Meta’s new hand-tracking feature feels like touching the future

The ability to tap and scroll on virtual objects with just your hands, without the use of controls, is being tested by Meta as a possible fundamental update to their Quest VR headsets. The concept is that you will be able to perform operations that you may already be accustomed to performing on your smartphone, such as swiping up and down a page, tapping a button to activate it, or typing on an onscreen keyboard, using only your fingers in the air.

The Quest v50 software upgrade, which is currently rolling out, includes the new experimental functionality known as “Direct Touch.” I finally received the update after several weeks of waiting, so of course I turned it on right away.

When hand tracking is activated, the Quest 2 follows your hands with its external-facing cameras, and within the headset, you’ll see them as shadowy dark hands. (CEO Mark Zuckerberg’s Direct Touch film appears to have been shot on a Quest Pro and includes additional hand and arm detail.) You may make an educated guess as to when your hand will “touch” a menu item or window in front of you using those shadows. As you “make contact” with something via Direct Touch, items will begin to scroll or light up. Although scrolling is jerky, it is typically more responsible than I anticipated.

But Direct Touch typing is terrible. The Quest’s onscreen keyboard appears underneath the window when you tap on an area of the user interface where you can type text, and you can “push” particular keys to write things down. It’s difficult to know where or what you’re truly typing, though, because there is nowhere for your hands or fingers to rest. (Consider the onscreen keyboard on an iPad without any feedback, and then picture a world without glass.) The UI occasionally assumes that I accidentally touched a different key than what I meant to when I resort to VR hunt-and-peck to futilely compose even a single word. Thankfully, the keyboard does offer word suggestions as you type.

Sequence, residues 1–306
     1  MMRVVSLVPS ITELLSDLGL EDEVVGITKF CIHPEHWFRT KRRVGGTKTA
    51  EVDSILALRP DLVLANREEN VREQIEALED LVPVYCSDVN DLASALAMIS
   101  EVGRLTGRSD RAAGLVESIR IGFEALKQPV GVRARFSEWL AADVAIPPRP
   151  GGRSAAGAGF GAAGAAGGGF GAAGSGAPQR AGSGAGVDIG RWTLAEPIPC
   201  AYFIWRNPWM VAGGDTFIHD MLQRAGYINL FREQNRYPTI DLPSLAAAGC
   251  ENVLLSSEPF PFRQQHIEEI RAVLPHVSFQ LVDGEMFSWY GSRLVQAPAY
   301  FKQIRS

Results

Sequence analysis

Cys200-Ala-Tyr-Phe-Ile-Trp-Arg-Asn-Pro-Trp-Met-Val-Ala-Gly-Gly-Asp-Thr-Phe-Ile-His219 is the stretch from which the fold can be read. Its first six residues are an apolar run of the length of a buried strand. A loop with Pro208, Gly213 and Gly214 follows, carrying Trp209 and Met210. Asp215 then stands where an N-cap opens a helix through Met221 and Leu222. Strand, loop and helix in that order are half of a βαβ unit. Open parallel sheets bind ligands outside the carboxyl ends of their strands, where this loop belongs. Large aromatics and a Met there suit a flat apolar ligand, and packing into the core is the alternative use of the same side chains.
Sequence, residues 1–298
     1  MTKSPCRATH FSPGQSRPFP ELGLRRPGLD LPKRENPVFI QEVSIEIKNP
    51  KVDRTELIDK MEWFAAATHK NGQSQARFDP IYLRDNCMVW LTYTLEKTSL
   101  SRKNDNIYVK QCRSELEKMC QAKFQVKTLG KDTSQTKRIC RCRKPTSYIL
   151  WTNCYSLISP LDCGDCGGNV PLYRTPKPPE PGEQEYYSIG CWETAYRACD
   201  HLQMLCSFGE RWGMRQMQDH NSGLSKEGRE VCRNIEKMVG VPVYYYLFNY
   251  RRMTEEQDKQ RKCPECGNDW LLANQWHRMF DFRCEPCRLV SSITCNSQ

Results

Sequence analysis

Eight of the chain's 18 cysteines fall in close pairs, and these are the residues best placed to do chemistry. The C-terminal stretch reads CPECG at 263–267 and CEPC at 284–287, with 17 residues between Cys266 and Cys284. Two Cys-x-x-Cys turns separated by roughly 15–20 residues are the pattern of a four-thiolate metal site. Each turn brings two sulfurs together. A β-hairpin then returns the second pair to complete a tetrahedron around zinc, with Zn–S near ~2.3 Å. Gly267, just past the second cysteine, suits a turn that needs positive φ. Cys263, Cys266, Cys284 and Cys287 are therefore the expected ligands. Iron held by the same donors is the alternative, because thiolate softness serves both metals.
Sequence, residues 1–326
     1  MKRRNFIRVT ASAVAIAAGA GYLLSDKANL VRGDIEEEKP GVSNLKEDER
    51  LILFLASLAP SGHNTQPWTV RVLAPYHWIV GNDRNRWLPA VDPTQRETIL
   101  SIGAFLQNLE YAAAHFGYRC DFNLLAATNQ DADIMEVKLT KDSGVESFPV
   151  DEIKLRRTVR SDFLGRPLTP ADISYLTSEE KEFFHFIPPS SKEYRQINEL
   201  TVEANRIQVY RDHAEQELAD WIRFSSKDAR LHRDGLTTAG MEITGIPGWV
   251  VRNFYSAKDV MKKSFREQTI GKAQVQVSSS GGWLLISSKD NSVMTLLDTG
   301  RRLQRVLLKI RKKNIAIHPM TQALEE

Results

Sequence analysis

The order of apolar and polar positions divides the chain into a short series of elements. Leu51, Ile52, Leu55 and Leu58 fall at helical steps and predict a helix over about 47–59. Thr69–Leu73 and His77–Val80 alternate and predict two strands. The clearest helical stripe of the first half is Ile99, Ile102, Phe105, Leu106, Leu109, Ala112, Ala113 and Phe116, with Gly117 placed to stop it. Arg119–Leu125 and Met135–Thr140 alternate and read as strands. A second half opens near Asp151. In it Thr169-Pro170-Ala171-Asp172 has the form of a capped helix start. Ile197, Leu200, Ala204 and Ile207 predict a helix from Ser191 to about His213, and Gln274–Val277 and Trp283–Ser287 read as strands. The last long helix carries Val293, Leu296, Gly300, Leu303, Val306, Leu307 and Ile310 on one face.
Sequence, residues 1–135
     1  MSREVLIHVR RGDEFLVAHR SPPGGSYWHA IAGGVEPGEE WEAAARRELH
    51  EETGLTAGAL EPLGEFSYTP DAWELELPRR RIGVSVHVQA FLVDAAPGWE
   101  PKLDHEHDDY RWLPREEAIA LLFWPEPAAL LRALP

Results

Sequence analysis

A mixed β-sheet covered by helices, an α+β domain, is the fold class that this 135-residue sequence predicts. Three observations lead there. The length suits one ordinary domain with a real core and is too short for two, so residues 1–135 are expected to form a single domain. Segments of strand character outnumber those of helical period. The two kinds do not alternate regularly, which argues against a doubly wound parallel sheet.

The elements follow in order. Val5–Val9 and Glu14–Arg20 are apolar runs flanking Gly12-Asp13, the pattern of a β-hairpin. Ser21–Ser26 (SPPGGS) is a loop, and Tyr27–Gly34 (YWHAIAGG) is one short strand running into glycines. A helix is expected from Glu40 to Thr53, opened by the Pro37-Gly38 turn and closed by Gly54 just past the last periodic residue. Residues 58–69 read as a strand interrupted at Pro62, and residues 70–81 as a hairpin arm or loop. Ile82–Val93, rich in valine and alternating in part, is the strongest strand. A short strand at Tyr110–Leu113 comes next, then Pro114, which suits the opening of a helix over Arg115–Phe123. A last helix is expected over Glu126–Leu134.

The Quest web browser is possibly the best example of the Direct Touch controls because of the poor typing and adequate scrolling. If I misspell something in an online search, the search engine will probably correct me. It works quite fine to scroll up and down and tap on links. Strangely, The Verge’s homepage on the Quest’s browser won’t navigate past our list of the Top Stories, but tapping any one of the six stories I can actually see works better than I anticipated.

The majority of other built-in Quest applications I used could at least be used with Direct Touch, although many Quest Store applications, such as Meta’s own Horizon Worlds VR social network, are still incompatible with using only your hands. If I didn’t have a controller, they wouldn’t even open. Without a controller, I didn’t anticipate programs like Beat Saber to perform any better, but I did want to at least be able to play about with them.

It is immediately apparent why Direct Contact is classified as an experiment. Using the Quest for more than a few minutes at a time fast becomes annoying because I can’t completely trust that my hand is actually going to “touch” a virtual component of the Interface with every mid-air poke. It also gets weary after a time to hold out my arms in the air to navigate the user interface. Although I find them less obvious, Meta’s other controller-free hand gestures that entail pinching are typically more reliable.

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